Within these debates, some will say that they are only interested in ‘good schools’ and that the type does not matter but it can be argued that emphasis must be placed on grammar schools. Their original purpose is what distinguishes them from others. They stood as social elevators lifting young men and women from diverse backgrounds whose families did not have the financial resources to shelter them from the chaos of other types of schools or to pay for private. Others will proudly declare that they went to a comprehensive school and turned out well hence the need for grammar schools is null and void but it can be suggested that selection by money for the topmost of such schools is at work most of the time (houses and tuition). The bog-standard comprehensive is oftentimes not the alma mater.

Now, of course the grammar school system had its flaws, all systems do. The main one here being the fact that important life decisions hinged on one high-stakes examination taken at the age of 11 (the 11-plus), which if failed relegated children to what was considered a second-class, inferior education (secondary moderns and technical colleges) and therefore worse outcomes in life. This can be improved by entry to a grammar school at various ages after 11. If something is wrong with the system, does it not make sense to fix the bad part and not dismantle the working part? Before the 1960s, the exam used to include questions about the role of servants in the house or classical composers and therefore were easier for more well-off children to answer and harder for those of poorer or less educated backgrounds. This led to a redesign in the 1960s to ensure it selected based on academic ability, a step forward so spitefully reversed by the wanton destruction that would follow from that decade. Did we have to throw away the baby with the bathwater?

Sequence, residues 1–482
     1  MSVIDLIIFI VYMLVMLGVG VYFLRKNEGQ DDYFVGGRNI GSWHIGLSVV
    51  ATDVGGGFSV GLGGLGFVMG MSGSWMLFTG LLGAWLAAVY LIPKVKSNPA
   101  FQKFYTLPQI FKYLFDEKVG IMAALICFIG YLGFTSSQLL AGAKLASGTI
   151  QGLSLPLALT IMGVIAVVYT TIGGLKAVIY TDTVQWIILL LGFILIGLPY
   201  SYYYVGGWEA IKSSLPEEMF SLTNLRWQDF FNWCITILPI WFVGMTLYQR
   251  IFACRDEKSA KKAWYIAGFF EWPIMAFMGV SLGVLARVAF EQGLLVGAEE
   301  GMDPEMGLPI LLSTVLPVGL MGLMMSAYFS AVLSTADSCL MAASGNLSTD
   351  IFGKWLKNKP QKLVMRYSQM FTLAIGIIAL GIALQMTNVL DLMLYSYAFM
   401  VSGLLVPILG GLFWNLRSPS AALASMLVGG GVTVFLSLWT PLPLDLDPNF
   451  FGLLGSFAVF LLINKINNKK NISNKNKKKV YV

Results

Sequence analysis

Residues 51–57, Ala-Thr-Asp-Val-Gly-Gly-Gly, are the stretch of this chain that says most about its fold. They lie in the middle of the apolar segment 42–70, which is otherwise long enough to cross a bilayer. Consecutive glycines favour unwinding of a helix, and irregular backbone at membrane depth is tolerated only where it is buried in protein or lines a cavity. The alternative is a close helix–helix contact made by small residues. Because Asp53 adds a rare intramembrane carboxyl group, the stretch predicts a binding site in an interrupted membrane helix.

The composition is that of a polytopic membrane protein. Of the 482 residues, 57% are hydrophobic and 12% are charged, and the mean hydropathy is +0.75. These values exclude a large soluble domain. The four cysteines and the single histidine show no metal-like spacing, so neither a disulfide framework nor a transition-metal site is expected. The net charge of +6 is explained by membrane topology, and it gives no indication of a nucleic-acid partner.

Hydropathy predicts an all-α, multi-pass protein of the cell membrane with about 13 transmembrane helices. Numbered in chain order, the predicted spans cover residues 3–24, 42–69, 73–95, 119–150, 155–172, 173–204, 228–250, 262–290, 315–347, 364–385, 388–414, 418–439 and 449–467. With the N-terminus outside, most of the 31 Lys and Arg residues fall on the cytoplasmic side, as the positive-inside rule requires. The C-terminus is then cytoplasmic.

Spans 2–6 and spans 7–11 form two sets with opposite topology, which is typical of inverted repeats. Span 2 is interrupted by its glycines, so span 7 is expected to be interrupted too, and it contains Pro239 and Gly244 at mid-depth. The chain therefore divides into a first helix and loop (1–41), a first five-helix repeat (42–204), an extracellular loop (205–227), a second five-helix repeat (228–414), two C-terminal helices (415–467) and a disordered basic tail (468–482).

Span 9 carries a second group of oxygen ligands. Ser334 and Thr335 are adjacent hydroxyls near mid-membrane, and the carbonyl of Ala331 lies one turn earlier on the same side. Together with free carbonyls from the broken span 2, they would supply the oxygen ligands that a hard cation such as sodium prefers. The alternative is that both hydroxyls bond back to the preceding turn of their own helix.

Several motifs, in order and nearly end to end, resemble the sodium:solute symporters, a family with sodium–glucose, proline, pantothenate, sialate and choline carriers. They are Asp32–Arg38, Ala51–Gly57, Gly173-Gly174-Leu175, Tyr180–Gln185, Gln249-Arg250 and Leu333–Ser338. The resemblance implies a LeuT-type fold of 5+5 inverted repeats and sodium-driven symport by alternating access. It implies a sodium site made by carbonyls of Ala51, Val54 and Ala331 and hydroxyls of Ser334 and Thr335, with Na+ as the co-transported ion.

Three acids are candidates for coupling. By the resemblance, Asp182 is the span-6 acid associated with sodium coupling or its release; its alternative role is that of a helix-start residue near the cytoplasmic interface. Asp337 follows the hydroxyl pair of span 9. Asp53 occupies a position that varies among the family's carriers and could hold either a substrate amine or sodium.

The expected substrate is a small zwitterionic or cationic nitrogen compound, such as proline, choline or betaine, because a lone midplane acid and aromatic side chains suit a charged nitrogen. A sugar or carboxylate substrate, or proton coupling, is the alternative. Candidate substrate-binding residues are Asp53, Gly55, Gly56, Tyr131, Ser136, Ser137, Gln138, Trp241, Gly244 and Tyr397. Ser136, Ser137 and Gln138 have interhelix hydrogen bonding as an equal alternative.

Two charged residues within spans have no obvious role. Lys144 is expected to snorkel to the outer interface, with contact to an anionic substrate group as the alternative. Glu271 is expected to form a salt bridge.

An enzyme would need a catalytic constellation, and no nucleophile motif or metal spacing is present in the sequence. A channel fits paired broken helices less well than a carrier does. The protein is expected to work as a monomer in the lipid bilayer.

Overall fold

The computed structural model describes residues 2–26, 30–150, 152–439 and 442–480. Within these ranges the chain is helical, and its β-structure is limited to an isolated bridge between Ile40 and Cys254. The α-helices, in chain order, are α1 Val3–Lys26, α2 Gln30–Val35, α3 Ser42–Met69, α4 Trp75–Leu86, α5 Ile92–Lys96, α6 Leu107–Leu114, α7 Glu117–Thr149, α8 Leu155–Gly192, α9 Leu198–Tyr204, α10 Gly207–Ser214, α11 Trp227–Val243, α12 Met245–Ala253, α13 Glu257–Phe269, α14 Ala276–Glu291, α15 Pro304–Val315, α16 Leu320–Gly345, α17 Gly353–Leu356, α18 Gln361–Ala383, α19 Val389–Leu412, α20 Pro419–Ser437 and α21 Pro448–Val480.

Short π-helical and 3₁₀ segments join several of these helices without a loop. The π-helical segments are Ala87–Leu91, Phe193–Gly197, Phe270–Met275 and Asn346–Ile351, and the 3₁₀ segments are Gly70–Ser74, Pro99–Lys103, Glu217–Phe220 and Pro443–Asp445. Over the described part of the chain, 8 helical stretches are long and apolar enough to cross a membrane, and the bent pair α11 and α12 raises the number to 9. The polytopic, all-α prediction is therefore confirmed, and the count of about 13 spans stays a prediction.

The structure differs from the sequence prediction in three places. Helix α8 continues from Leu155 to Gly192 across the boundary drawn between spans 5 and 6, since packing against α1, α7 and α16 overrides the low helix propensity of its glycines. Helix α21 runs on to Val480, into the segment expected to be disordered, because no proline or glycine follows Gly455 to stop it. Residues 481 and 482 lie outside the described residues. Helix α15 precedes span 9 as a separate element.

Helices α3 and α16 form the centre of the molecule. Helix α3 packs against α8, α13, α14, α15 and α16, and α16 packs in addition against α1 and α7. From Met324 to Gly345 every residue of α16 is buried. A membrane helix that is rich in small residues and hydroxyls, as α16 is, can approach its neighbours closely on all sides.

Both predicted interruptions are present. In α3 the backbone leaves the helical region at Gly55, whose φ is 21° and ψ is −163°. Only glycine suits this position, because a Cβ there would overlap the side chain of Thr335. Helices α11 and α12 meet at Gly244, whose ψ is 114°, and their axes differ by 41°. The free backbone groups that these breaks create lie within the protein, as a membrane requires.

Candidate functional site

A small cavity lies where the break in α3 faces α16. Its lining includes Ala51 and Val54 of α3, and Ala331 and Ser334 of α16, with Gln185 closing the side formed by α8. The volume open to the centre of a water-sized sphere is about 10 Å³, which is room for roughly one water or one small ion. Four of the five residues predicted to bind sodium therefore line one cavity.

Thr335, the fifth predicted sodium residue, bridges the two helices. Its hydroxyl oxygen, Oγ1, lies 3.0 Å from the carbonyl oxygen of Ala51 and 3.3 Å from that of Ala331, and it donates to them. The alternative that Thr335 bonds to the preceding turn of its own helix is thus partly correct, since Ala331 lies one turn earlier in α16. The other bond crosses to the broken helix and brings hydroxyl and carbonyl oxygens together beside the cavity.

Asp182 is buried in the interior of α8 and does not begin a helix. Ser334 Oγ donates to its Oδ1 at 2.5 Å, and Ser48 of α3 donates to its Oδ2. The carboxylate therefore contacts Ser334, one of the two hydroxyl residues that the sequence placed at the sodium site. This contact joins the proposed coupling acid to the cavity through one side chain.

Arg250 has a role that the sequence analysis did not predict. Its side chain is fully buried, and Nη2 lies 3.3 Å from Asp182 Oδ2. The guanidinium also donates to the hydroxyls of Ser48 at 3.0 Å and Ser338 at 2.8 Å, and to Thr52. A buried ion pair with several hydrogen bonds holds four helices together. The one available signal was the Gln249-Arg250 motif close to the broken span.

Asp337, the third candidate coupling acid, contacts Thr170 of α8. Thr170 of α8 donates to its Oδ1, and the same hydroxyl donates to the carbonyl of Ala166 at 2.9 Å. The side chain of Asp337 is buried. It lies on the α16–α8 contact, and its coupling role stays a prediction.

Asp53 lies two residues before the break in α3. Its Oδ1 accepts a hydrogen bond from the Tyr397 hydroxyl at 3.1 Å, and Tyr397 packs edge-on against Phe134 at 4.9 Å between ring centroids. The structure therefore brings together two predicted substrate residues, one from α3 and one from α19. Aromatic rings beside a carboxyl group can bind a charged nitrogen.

The comprehensive school system in its current form has reduced expectations and therefore denied so many bright children from poorer backgrounds the opportunity to reach their full potential. Engineers of the system indirectly admit that selection by ability works by fiercely encouraging ‘setting’ where ability is used to group children for each subject the child has. Calling the comprehensive school system for photocopying grammar school tactics will not win the argument alone though.